An Army of Davids led by the Drudge Report, bloggers and free-speech activists roared mightily, causing the Transportation Security Administration to rescind a new policy that would have prevented employees from accessing websites with “controversial opinions” on TSA computers at work.
The ban was part of a general Department of Homeland Security TSA Internet-usage policy that blocked employee access to gambling and chat sites, as well as sites that dealt with extreme violence or criminal activity.
The TSA episode isn’t the first time the DHS has tangled with conservative critics, who objected strongly to an April 2009 directive that warned law-enforcement officials about a possible increase in “rightwing extremist activity.”
Homeland Security Secretary Janet Napolitano later apologized to veterans for the report, which stated the increased risks were posed in part by a few disgruntled veterans who could swell the ranks of racist militia groups.
From the Land Down Under
Meanwhile, in the land of Oz, angry Australian user groups launched an online campaign accusing their government of censorship with its “Clean Feed” filter, while cyber activists succeeded in jamming key government websites in a concerted campaign of protest hacking.
As a result, Australia has placed its disputed Internet filter plan on hold for up to a year to allow for an independent review of what content would be banned, in a move to mute controversy ahead of elections.
User advocates, the pornography industry and others have likened Australia’s proposed system to official firewalls operating in repressive regimes such as China and Iran.
The Perfect Citizen
Meanwhile, the U.S. National Security Agency is planning to launch a new program called “Perfect Citizen.” It is supposed to detect cyber assaults on private companies and government agencies running critical infrastructures such as the electricity grid and nuclear-power plants.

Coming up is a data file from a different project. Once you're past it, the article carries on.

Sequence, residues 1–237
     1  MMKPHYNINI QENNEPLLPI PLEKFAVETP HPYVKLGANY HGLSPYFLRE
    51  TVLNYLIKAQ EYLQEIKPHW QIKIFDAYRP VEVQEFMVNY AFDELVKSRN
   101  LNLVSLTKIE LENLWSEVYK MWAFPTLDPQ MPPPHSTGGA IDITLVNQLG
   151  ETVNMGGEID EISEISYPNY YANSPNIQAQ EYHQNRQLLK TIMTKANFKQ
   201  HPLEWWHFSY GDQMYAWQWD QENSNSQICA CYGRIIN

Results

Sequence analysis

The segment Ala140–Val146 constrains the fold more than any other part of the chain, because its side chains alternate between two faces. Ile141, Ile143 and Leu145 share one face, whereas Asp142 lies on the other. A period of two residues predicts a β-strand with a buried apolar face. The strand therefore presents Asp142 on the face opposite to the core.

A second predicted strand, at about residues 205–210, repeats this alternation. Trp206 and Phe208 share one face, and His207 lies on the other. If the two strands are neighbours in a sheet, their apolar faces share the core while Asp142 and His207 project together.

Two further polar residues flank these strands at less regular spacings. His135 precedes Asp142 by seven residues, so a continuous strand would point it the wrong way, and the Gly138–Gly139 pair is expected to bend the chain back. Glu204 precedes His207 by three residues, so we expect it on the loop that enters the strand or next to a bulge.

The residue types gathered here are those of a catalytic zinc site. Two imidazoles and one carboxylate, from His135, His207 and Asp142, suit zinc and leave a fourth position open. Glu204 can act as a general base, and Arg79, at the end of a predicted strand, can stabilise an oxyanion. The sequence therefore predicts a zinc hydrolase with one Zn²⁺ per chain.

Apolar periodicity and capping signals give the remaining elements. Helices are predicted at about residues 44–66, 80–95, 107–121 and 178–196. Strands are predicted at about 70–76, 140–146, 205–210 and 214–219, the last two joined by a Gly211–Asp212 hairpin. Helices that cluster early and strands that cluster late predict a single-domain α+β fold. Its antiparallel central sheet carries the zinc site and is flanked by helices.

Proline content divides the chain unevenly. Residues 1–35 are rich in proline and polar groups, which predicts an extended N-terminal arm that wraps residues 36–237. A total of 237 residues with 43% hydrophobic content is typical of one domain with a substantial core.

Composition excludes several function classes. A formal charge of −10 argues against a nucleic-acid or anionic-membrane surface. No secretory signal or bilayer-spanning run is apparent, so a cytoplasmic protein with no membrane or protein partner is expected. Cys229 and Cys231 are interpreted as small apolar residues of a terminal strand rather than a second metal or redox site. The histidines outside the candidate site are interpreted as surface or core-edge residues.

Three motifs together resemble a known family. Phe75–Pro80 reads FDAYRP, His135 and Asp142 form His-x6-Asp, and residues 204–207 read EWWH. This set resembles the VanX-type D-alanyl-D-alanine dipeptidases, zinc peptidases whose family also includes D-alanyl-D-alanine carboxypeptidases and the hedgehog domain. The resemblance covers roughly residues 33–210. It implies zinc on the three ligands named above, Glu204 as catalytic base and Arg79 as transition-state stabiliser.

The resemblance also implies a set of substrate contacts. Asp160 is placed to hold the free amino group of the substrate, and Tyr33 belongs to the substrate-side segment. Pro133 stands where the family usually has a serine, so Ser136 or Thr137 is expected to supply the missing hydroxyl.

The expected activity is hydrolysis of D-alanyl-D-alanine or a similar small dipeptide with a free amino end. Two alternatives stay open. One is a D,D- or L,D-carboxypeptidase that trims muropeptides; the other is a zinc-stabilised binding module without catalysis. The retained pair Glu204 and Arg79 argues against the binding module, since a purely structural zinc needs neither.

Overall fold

Defense contractor Raytheon Corp. was awarded a classified contract valued at up to $100 million to undertake the initial phase of the surveillance effort.
The NSA’s surveillance would rely on a set of sensors deployed in computer networks that would be triggered by unusual activity suggesting an impending cyber attack, though it wouldn’t persistently monitor the whole system.
To the rescue
Americans for Prosperity invites you to fight against Internet regulation at its new website No Internet Takeover, designed to provide information and tools for you to engage members of Congress on this critical issue.
Phil Kerpen, vice president for policy at Americans for Prosperity, responded to the Federal Communication Commission’s inquiry earlier this year into reclassifying broadband from a largely unregulated information service to a regulated common-carriers service:
“Today marks a troubling and dangerous step forward in the Federal Communication Commission’s ongoing effort to take over of the Internet,” Kerpen said. “The FCC’s Notice of Inquiry is an aggressive step in their reckless effort to force decades-old Title II public-utility regulations on Internet providers. Despite the outcry from nearly 300 Democrats and Republicans, President Obama’s FCC is determined to regulate. We therefore urge Congress to step in immediately to stop the Commission’s dangerous efforts to get regulatory control of the Internet.”
The Americans for Prosperity Foundation is sponsoring the RightOnline 2010 Conference to be held July 23 and 24 in Las Vegas. The conference is an annual gathering of thousands of citizen activists, leading conservative voices and the nation’s foremost new-media experts from across the country. I’ll be there and will tell you about it in future editions of Surfin’ Safari.
For several weeks, we’ve been telling you about Google’s legal woes surrounding the surreptitious capture of data it wasn’t authorized to collect.
Now it seems Google’s Street View project may have collected personal information of members of Congress, including some involved in national-security issues. Big ‘oops’ there!